Civil and Commercial Trial Counsel

How to Keep Track of and Manage Your Witnesses

Most litigators do a good job of organising the documents on a case.  But when it comes to managing witnesses, there is a wide spectrum.  The wide spectrum means that if you manage your witnesses well, you’ll have an advantage.  Witnesses are the life of a trial.

Witness management should start at file opening and continue right up to and throughout trial.  The easiest way to keep track of it all is with a spreadsheet.

Click here for a Witness Management Spreadsheet

There are 5 components to witness scheduling and the spreadsheet:

  1. Witnesses – tracking the name, role (lay, treating, rule 53) and relationship (family, friend) or profession (doctor including type, accountant, etc.).
  2. Contact Info – cell phone and email are the most important, so witnesses are reachable on the fly.
  3. Preparation – witnesses should get a long-range letter giving them a heads up about trial dates.  Gathering updated C.V.s and ensuring Form 53s are complete for expert witnesses is important.  Information about if or when summons have been served can be included.  Notes on witness preparation including calls, memos and meetings can be tracked.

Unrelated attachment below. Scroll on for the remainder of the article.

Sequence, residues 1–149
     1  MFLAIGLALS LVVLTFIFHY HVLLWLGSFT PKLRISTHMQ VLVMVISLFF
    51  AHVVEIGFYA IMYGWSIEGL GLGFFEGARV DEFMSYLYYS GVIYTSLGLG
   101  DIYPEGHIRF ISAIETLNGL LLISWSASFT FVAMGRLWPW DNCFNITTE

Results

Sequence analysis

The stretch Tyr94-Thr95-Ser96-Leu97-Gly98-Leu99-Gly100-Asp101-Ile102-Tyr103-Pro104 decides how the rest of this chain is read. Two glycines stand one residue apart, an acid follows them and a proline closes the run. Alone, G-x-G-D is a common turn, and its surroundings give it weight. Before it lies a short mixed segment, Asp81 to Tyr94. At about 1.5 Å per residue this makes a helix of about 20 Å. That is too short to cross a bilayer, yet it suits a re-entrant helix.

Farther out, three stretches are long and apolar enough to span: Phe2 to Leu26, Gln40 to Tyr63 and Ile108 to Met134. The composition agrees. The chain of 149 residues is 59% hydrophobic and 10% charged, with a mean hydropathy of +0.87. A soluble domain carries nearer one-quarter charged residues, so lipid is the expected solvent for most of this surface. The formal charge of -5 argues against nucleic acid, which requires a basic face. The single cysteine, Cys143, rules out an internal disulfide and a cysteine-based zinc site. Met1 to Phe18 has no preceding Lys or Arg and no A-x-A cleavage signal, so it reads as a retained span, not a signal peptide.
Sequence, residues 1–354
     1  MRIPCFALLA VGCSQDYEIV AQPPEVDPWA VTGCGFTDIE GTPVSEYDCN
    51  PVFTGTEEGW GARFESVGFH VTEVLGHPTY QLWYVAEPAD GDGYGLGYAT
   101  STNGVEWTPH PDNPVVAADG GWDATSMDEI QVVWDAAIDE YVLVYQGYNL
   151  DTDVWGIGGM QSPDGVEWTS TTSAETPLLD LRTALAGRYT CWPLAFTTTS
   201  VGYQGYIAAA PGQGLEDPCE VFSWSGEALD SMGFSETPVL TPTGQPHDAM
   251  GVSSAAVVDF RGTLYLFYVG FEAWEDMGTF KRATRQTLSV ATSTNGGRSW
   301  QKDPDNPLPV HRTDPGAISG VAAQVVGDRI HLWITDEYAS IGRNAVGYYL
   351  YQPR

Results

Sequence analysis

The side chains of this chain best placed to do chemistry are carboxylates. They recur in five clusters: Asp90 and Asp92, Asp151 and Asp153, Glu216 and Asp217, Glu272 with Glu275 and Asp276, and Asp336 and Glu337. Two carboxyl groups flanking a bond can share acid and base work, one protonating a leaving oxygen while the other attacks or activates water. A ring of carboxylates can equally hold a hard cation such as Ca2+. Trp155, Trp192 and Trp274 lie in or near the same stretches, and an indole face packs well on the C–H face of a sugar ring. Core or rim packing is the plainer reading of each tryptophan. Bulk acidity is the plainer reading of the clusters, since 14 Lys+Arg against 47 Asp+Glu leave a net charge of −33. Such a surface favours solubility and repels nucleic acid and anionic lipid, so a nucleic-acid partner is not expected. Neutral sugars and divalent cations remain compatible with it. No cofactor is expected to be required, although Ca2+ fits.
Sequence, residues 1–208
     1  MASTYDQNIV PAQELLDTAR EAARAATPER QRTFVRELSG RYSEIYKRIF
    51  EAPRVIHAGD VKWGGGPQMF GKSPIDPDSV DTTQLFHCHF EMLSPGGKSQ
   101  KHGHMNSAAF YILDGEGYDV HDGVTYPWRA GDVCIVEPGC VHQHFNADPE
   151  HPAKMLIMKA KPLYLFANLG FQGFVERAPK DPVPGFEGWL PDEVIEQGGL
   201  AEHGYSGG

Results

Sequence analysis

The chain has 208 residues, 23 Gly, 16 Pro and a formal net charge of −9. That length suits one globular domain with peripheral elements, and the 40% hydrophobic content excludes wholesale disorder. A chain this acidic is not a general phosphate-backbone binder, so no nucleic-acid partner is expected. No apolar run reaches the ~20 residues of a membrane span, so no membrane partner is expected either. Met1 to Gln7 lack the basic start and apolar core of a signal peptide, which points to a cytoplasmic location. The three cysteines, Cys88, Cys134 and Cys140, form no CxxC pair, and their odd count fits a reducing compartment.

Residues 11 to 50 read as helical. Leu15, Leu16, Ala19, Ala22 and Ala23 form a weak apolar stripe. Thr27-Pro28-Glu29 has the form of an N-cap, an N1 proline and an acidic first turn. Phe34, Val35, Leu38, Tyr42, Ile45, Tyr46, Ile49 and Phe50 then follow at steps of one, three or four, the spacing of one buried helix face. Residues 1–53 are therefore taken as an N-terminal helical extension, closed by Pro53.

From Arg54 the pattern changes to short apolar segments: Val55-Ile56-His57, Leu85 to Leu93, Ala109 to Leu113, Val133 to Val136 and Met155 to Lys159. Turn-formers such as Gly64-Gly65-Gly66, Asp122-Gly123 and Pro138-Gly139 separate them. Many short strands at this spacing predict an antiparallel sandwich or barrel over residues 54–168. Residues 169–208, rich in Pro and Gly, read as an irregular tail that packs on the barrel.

4. Scheduling – you’ve got to make an informed estimate of when a witness will testify and update that often, taking into account days witness are not available and special scheduling.  Be direct with your witnesses as they need to work around the Court’s schedule, not vice-versa.
  5. Testimony – a brief summary of evidence is a useful resource for the team preparing the trial.  It can form the basis for a will say.  Sometimes a witness’s testimony is based on a report or sometimes a lot of documents and those can be identified.  The witness will need key documents as they prepare.  This is also where you can comment on whether you have prepared a direct examination and/or cross-examination of that witness, covering the key issues you need the witness to address.  For one’s own witnesses, a mock cross-examination is a good idea.

 

This article is courtesy of the Ontario Civil Trial Manual

Click here for the Ontario Civil Trial Manual

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This manual is trial information, not trial legal advice.

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